Superfície ácida em Marte: inabitável

sábado, agosto 19, 2017

Perchlorates on Mars enhance the bacteriocidal effects of UV light

Jennifer Wadsworth & Charles S. Cockell

Scientific Reports 7, Article number: 4662 (2017)

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Astrobiology Soil microbiology

Received: 15 February 2017 Accepted: 22 May 2017

Published online: 06 July 2017

Source/Fonte: NASA


Perchlorates have been identified on the surface of Mars. This has prompted speculation of what their influence would be on habitability. We show that when irradiated with a simulated Martian UV flux, perchlorates become bacteriocidal. At concentrations associated with Martian surface regolith, vegetative cells of Bacillus subtilis in Martian analogue environments lost viability within minutes. Two other components of the Martian surface, iron oxides and hydrogen peroxide, act in synergy with irradiated perchlorates to cause a 10.8-fold increase in cell death when compared to cells exposed to UV radiation after 60 seconds of exposure. These data show that the combined effects of at least three components of the Martian surface, activated by surface photochemistry, render the present-day surface more uninhabitable than previously thought, and demonstrate the low probability of survival of biological contaminants released from robotic and human exploration missions.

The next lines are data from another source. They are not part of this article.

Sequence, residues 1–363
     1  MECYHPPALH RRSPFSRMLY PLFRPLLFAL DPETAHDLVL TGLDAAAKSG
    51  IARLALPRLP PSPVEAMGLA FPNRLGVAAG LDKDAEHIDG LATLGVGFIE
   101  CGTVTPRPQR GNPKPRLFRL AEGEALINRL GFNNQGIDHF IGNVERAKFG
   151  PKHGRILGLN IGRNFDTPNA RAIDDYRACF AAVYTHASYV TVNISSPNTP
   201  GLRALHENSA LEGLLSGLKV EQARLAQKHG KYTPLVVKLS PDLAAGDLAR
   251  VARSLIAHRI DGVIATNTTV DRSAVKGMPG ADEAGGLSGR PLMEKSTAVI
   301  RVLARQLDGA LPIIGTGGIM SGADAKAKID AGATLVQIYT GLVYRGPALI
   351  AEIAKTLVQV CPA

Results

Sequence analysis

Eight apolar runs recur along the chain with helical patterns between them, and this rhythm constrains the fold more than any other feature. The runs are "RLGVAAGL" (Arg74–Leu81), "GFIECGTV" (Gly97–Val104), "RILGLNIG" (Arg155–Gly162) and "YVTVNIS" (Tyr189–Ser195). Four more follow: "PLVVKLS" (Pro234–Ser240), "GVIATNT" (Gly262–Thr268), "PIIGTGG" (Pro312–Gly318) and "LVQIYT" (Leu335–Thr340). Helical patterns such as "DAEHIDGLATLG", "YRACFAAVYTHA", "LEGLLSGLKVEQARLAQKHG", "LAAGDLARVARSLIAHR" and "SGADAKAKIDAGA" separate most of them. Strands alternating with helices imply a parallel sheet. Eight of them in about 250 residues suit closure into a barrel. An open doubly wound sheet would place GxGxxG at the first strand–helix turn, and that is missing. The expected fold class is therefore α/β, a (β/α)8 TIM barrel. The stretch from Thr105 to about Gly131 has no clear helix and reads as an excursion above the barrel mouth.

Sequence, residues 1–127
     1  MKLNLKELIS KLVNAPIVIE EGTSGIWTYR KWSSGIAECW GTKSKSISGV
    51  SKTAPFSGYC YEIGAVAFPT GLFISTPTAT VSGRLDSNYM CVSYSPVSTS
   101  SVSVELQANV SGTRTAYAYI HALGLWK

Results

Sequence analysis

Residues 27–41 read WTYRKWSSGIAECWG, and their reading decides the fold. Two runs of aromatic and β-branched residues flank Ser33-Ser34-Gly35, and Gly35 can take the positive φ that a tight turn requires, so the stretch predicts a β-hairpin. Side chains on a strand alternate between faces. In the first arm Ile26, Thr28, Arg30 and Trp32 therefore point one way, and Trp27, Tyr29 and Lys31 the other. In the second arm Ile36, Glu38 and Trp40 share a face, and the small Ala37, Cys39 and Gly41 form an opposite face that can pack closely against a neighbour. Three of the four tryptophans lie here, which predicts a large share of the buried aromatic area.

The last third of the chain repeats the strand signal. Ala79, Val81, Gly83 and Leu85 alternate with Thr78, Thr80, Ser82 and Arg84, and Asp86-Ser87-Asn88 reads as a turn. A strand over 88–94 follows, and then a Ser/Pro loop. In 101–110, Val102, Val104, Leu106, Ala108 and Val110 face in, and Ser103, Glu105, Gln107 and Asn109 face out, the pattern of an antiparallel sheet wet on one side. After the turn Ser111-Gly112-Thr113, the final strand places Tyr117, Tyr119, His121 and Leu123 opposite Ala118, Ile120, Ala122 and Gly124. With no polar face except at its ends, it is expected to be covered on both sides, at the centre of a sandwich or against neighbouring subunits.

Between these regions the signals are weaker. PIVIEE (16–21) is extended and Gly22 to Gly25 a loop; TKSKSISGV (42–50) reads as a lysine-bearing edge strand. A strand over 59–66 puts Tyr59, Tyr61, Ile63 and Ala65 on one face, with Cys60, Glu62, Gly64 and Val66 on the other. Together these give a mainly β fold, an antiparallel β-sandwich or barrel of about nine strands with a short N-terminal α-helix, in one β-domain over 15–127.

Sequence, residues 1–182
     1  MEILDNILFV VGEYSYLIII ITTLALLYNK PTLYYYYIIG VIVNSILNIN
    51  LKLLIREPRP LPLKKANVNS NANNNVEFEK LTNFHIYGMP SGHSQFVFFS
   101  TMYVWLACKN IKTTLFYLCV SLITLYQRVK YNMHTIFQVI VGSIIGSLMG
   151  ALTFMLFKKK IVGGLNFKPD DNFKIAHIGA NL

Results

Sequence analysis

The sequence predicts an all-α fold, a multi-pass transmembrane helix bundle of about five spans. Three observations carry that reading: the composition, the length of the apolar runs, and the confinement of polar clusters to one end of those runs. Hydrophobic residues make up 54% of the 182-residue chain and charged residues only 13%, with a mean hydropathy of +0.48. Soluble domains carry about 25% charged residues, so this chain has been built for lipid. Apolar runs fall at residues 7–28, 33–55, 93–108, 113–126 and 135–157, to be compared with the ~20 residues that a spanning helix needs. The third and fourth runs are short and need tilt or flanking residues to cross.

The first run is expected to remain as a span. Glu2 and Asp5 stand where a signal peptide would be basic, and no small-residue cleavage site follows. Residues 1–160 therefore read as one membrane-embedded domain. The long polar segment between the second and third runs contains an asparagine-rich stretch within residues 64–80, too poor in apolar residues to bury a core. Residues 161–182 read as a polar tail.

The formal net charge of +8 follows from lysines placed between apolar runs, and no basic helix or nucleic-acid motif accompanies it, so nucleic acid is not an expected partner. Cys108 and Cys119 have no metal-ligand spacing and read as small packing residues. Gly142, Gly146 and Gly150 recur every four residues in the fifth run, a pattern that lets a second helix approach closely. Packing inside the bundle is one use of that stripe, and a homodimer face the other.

We acknowledge support from the UK Space Agency for this work under the Aurora program and support for the PhD funding for J. Wadsworth. Support was also provided by Science and Technology Facilities Council (STFC) Grant no. ST/M001261/1.

Author information


UK Centre for Astrobiology, School of Physics and Astronomy, University of Edinburgh, Edinburgh, EH10 4EP, UK

Jennifer Wadsworth & Charles S. Cockell


C.S.C. & J.W. designed the project; J.W. performed the research and wrote the manuscript.

Competing Interests

The authors declare that they have no competing interests.

Corresponding author

Correspondence to Jennifer Wadsworth.

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